Greater Manchester Police has been fined £150,000 after three DVDs containing footage of interviews with victims of violent or sexual crimes got lost in the post.
The force sent the unencrypted DVDs to the Serious Crime Analysis Section (SCAS) of the National Crime Agency by recorded delivery but they were never received. The DVDs, which showed named victims talking openly, have never been found.
An investigation by the Information Commissioner’s Office (ICO) found that Greater Manchester Police failed to keep highly sensitive personal information in its care secure and did not have appropriate measures in place to guard against accidental loss. This is a breach of data protection law.
Sally Anne Poole, ICO Enforcement Group Manager, said:
“When people talk to the police they have every right to expect that their information is handled with the utmost care and respect.
“Greater Manchester Police did not do this. The information it was responsible for was highly sensitive and the distress that would be caused if it was lost should have been obvious.
“Yet GMP was cavalier in its attitude to this data and it showed scant regard for the consequences that could arise by failing to keep the information secure.”
The ICO investigation found that Greater Manchester Police had been sending unencrypted DVDs by recorded delivery to SCAS since 2009 and only stopped after the security breach in 2015.
The ICO previously fined GMP £150,000 in 2012 after an unencrypted USB stick was stolen.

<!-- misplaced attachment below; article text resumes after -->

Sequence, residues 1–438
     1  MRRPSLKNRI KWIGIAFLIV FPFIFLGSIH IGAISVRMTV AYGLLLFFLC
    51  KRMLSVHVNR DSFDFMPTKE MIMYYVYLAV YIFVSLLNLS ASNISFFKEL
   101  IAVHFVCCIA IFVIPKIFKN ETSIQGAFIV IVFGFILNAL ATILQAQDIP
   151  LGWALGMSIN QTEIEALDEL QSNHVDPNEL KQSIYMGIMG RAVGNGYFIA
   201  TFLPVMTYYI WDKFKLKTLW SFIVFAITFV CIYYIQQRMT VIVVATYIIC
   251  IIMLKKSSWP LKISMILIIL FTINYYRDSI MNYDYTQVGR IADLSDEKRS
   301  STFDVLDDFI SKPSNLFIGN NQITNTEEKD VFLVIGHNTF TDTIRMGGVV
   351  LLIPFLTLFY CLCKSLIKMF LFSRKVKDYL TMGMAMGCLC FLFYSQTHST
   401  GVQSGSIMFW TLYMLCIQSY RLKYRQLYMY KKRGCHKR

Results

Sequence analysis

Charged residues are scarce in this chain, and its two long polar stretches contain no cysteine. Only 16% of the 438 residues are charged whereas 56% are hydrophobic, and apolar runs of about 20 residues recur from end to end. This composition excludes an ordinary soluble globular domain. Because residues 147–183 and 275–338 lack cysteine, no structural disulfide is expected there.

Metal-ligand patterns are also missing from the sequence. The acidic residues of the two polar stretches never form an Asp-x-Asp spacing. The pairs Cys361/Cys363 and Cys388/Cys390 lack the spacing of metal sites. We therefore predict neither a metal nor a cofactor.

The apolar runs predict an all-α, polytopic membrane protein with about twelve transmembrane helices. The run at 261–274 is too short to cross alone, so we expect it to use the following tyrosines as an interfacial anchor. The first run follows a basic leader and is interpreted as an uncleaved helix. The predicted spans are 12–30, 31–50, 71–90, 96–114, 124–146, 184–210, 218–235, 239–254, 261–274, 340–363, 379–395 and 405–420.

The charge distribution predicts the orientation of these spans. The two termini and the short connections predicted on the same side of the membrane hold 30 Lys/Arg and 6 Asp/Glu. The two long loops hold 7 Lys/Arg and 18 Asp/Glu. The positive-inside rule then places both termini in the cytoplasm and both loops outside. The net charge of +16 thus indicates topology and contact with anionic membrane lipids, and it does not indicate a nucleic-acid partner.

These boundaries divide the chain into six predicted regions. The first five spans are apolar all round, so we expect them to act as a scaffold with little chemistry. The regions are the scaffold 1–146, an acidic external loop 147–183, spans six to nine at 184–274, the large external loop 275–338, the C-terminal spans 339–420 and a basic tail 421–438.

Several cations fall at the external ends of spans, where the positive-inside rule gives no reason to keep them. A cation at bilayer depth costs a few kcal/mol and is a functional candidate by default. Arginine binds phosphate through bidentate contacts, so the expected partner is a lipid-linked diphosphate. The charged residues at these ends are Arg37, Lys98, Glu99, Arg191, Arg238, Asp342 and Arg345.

Notes to Editors
- The Information Commissioner’s Office upholds information rights in the public interest, promoting openness by public bodies and data privacy for individuals.
- The ICO has specific responsibilities set out in the Data Protection Act 1998, the Freedom of Information Act 2000, Environmental Information Regulations 2004 and Privacy and Electronic Communications Regulations 2003.
- The ICO can take action to change the behaviour of organisations and individuals that collect, use and keep personal information. This includes criminal prosecution, non-criminal enforcement and audit. The ICO has the power to impose a monetary penalty on a data controller of up to £500,000.
- The General Data Protection Regulation (GDPR) is a new law that will replace the Data Protection Act 1998 and will apply in the UK from 25 May 2018. The government has confirmed that the UK’s decision to leave the EU will not affect the commencement of the GDPR.
- Anyone who processes personal information must comply with eight principles of the Data Protection Act, which make sure that personal information is:
- fairly and lawfully processed;
- processed for limited purposes;
- adequate, relevant and not excessive;
- accurate and up to date;
- not kept for longer than is necessary;
- processed in line with your rights;
- secure; and
- not transferred to other countries without adequate protection.
- The Privacy and Electronic Communications Regulations (PECR) sit alongside the Data Protection Act. They give people specific privacy rights in relation to electronic communications. There are specific rules on:
- marketing calls, emails, texts and faxes;
- cookies (and similar technologies);
- keeping communications services secure; and
- customer privacy as regards traffic and location data, itemised billing, line identification, and directory listings.
We aim to help organisations comply with PECR and promote good practice by offering advice and guidance. We will take enforcement action against organisations that persistently ignore their obligations.
- Civil Monetary Penalties (CMPs) are subject to a right of appeal to the (First-tier Tribunal) General Regulatory Chamber against the imposition of the monetary penalty and/or the amount of the penalty specified in the monetary penalty notice.
- Any monetary penalty is paid into the Treasury’s Consolidated Fund and is not kept by the Information Commissioner’s Office (ICO).
- To report a concern to the ICO telephone our helpline 0303 123 1113 or go to ico.org.uk/concerns.